Credit: Luther Blissett
You need to compute the number of lines in a file.
The simplest approach for reasonably sized files is to read the
file as a list of lines, so that the count of lines is the length of
the list. If the file's path is in a string bound to a variable named
thefilepath, all the code you need to
implement this approach is:
count = len(open(thefilepath, 'rU').readlines( ))
For a truly huge file, however, this simple approach may be very slow or even fail to work. If you have to worry about humongous files, a loop on the file always works:
count = -1 for count, line in enumerate(open(thefilepath, 'rU')): pass count += 1
A tricky alternative, potentially faster for truly humongous
files, for when the line terminator is '
\n' (or has '
\n' as a substring, as happens on
count = 0 thefile = open(thefilepath, 'rb') while True: buffer = thefile.read(8192*1024) if not buffer: break count += buffer.count('\n') thefile.close( )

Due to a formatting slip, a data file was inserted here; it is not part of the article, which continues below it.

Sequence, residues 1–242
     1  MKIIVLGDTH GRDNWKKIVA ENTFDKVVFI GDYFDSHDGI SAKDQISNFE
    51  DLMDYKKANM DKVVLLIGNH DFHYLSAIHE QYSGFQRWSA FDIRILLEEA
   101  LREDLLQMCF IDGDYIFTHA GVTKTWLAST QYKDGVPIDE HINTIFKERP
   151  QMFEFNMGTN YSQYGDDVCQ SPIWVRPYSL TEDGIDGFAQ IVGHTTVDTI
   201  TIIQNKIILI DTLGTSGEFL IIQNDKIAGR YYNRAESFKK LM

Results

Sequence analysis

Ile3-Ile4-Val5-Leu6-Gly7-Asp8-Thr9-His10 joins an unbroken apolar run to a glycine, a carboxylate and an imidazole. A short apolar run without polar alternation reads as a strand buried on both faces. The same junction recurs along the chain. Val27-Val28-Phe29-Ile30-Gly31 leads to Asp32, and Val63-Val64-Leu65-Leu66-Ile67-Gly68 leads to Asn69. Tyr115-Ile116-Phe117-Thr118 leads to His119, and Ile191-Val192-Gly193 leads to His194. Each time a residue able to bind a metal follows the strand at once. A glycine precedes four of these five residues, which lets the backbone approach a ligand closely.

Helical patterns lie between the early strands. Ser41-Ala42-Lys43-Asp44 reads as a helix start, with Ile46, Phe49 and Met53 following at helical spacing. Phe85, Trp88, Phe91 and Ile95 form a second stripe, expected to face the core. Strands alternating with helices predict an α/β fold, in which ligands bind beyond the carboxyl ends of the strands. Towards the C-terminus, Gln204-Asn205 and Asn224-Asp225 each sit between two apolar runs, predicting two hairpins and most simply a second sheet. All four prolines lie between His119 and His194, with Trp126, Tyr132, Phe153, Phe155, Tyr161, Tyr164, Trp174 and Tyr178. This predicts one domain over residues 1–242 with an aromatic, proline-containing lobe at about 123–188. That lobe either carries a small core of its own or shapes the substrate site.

rb' argument to
open is necessary if you're after
speed—without that argument, this snippet might be very slow on
When an external program counts a file's lines, such as wc -l on Unix-like platforms, you can of
course choose to use that (e.g., via
os.popen). However, it's generally simpler, faster, and more portable to do the line-counting in your own program. You can rely on almost all text files having a reasonable size, so that reading the whole file into memory at once is feasible. ...